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MarchIn the Garden This Month
March is the month when spring officially begins with the vernal or spring equinox on the twentieth. Days will begin to lengthen after this date and any warm weather will trigger activity by plants and wildlife! However, we still need to beware of cold nights leading to widespread frosts. Any plants protected against winter weather should continue to be so.
In our gardens, Daffodils will be flowering now, their cheerful yellow heads brightening up still bare borders. Those that have been naturalised in grass and under trees will jostle for space as the bulbs increase or sow their seed year after year. The first flowers of the Lenten Roses (Helleborus x hybridus) will begin to emerge this month and continue to produce their nodding blooms for months to come in dry, shady corners. Quiet plants that are often overlooked in the garden, the blooms look great floating in a bowl of water on a table where they can be admired in detail. Many winter shrubs will still be in flower including the shrubby Honeysuckle (Lonicera x fragrantissima) with a sweet scent from the creamy white flowers that crowd on the bare wood and an important source of food for early bees and other insects.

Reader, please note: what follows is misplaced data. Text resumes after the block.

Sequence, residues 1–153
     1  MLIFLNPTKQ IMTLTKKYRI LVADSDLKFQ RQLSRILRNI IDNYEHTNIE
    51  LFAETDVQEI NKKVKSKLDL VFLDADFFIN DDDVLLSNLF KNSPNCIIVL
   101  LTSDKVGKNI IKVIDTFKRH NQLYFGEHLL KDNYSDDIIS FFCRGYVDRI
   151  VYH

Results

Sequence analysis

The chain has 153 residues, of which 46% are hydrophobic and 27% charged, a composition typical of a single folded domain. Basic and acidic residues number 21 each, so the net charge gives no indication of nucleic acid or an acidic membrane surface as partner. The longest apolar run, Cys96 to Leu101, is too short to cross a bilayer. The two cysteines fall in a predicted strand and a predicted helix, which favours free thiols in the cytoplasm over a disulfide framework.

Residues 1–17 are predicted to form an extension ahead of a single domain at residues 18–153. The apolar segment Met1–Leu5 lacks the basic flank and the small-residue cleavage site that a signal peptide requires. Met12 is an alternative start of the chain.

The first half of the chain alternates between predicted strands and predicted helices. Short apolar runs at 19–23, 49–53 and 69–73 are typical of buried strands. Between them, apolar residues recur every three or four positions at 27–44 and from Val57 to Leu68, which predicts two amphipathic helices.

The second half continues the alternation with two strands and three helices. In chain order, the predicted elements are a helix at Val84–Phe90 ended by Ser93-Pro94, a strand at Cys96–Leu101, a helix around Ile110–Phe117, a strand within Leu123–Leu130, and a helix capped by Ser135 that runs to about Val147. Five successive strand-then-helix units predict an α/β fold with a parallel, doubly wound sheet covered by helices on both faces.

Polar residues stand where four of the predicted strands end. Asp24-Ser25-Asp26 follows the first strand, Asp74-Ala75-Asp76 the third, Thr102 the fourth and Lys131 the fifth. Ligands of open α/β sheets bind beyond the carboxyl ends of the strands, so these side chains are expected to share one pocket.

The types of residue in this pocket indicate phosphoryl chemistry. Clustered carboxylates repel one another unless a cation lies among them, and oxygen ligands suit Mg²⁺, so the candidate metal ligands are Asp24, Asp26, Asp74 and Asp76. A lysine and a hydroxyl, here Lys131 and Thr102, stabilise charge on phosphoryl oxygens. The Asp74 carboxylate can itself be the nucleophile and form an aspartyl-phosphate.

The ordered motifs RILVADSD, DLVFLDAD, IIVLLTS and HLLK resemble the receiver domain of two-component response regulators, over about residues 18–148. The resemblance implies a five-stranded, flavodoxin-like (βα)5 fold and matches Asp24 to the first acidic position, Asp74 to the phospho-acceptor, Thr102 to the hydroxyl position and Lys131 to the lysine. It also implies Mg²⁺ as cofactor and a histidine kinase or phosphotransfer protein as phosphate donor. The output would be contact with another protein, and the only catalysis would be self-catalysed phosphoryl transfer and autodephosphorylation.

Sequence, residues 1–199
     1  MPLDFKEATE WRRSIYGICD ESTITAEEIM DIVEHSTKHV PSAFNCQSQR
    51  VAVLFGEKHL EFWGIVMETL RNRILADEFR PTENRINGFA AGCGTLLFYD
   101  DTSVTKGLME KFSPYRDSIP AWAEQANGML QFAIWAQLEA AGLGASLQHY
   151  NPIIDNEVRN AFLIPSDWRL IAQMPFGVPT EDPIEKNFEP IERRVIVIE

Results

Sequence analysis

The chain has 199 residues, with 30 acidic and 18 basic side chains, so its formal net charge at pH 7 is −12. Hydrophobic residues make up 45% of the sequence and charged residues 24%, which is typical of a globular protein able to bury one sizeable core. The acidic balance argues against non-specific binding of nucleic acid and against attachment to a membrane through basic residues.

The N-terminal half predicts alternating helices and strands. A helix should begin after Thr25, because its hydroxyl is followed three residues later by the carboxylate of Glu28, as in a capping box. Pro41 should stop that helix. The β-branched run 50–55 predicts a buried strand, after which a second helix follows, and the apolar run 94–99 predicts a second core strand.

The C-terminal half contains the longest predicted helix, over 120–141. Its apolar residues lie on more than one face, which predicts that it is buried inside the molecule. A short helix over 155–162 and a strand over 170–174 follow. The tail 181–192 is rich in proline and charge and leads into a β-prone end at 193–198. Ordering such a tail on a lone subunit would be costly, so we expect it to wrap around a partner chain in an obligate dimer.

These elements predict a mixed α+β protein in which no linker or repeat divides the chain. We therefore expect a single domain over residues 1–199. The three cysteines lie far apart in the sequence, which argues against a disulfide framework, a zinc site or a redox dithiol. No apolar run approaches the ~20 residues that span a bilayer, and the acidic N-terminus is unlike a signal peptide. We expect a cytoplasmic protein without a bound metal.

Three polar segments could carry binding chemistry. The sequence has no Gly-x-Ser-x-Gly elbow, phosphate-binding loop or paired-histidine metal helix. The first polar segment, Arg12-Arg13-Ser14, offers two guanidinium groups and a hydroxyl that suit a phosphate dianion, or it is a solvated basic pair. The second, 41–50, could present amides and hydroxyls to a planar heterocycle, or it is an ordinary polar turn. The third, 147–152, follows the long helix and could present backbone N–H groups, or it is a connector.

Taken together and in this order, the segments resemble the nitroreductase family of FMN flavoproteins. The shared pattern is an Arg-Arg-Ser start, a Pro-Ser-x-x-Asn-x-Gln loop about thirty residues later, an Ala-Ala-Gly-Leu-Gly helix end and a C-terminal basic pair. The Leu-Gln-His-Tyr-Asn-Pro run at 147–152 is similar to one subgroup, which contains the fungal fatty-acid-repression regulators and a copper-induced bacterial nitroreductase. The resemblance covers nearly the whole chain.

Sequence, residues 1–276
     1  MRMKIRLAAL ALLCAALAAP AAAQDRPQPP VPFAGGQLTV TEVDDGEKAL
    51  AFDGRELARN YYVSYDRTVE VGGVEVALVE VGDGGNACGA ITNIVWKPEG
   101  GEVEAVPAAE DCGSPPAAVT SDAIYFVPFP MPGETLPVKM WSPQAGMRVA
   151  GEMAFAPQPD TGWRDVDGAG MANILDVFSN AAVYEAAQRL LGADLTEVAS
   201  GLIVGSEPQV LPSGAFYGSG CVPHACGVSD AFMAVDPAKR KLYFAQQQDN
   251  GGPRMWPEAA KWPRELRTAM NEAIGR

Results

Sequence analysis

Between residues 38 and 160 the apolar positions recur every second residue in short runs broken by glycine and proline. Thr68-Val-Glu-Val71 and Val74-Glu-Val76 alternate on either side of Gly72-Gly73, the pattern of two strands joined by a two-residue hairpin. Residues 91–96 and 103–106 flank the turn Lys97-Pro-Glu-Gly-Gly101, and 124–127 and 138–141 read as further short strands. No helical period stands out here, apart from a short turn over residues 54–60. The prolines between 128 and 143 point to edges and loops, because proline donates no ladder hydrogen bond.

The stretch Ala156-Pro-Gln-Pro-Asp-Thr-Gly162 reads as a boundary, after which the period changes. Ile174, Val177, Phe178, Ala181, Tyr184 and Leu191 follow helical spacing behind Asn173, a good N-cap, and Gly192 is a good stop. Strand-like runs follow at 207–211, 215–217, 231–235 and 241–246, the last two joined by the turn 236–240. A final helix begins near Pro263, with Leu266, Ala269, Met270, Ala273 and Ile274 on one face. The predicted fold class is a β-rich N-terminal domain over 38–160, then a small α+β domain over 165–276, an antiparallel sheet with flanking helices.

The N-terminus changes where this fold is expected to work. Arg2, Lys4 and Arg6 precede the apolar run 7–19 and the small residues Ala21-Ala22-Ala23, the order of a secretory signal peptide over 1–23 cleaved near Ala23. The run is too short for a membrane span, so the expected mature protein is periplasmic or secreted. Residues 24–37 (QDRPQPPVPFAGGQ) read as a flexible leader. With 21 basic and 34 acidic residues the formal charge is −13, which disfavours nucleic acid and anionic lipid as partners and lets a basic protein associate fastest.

Early trees such as Alder, Elderberry and Horse Chestnut will begin to break their buds during a warm spell and hedges and verges will be full of the cloud like white flowers of Blackthorn (Sloe) towards the end of March.
Keep an eye out for nesting birds as they fly to and from the garden gathering twigs, moss, lichen and even pieces of hanging basket linings for their new abodes. Make a note of where they are building and be sure to leave them undisturbed whilst they rear their young!
On warmer days, insects such as Ladybirds will begin to venture from their hibernation and butterflies that have overwintered will clatter around the garden searching for nectar food plants. Look out for the Brimstone – a bright yellow butterfly and a pollinator of Primroses that will be in flower now. It is possible that the name ‘butterfly’ came from this variety because of the colour of the male’s wings.
Towards the end of the month, many summer migrants will begin to arrive on our shores and you may well see the first Swallows skimming low over fields and roads as they feed on tiny insects.